Australia, Climate, Policy, Projects, Renewables, Solar

GenCost reveals renewable’s future dominance in Australia

Minister for Climate Change and Energy Chris Bowen has emphasised that renewables are the most cost-effective energy source in Australia until 2030.

According to the 2023-24 GenCost consultation draft, a collaboration between CSIRO and AEMO, utility-scale solar and onshore wind, including transmission and storage have significant advantage over new coal and small modular nuclear reactors (SMRs).

Minister Bowen highlighted the GenCost’s annual assessment of energy costs in the country supports the government’s initiatives, including the expanded Capacity Investment Scheme, Rewiring the Nation, and the Gas Code as the most economical path amid the retirement of coal-fired power.

Bowen said solar power’s influence is evident in a 71 per cent drop in wholesale prices within a year, primarily driven by increased rooftop solar.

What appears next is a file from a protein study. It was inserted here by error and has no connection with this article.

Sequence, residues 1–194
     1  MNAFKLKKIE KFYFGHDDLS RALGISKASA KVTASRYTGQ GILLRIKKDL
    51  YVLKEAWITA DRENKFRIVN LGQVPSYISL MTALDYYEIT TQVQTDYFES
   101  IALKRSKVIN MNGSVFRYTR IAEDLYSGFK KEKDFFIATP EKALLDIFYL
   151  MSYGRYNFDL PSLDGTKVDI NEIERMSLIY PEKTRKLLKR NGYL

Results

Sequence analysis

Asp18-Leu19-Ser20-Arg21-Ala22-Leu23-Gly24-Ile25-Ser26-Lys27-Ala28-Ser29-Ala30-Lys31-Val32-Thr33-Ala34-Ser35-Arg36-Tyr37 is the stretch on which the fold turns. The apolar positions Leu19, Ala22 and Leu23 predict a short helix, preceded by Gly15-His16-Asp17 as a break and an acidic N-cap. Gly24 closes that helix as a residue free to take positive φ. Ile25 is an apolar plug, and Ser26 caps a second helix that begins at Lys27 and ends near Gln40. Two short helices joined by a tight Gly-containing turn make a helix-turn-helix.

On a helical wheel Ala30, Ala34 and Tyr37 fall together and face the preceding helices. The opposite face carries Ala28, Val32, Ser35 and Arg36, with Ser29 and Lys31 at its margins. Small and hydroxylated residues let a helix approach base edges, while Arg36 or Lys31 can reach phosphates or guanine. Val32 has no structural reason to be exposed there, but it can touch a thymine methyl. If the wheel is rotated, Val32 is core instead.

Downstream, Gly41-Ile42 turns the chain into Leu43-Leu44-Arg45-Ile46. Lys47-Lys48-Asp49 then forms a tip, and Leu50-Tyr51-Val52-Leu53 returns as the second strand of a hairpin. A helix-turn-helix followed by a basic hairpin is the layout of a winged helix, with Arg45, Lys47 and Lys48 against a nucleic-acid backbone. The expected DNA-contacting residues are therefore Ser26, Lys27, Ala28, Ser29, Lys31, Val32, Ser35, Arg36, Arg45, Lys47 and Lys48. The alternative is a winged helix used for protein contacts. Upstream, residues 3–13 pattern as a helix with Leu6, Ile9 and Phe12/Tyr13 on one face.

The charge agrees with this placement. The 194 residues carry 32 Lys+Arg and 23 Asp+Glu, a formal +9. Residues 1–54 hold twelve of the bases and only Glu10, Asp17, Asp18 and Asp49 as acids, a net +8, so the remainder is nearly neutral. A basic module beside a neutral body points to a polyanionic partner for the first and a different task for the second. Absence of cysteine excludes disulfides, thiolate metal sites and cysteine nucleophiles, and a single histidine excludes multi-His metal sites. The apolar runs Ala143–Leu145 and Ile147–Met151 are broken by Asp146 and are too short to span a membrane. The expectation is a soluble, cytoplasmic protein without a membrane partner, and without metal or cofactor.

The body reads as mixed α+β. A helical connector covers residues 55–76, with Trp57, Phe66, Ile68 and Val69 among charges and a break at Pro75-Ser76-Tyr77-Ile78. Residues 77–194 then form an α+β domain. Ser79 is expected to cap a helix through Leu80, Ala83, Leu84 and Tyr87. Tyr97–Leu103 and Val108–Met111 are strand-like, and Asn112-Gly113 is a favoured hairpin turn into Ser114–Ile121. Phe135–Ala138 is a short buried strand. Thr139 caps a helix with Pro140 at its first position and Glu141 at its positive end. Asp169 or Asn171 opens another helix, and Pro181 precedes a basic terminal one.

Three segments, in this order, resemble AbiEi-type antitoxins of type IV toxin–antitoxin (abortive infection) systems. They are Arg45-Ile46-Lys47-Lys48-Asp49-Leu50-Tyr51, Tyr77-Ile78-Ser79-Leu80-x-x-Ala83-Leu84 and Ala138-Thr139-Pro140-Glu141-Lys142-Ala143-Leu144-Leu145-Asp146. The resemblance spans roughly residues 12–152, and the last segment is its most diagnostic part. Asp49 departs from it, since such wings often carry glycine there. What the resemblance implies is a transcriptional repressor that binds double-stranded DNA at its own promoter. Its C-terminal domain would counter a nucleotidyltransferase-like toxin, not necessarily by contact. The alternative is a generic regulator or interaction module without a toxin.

He reiterated the report’s affirmation that renewable energy remains the most economical option, even when considering storage and transmission costs.

CSIRO’s Director of Energy, Dr Dietmar Tourbier, said GenCost is one of several economic analysis documents that help the Australian energy market plan for future electricity generation.

“The evolving landscape of cost-drivers is complex, and shaped by new and changing technologies, rising consumption and our transition to net-zero emissions,” Dr Tourbier said.

The GenCost consultation draft also revealed that battery costs remained steady with a marginal 2 per cent increase, offshore wind costs decreased by 9 per cent, while costs for technologies like pumped hydro, wave, and tidal energy rose due to a combination of new information and inflationary pressures, following more than a year without updates.

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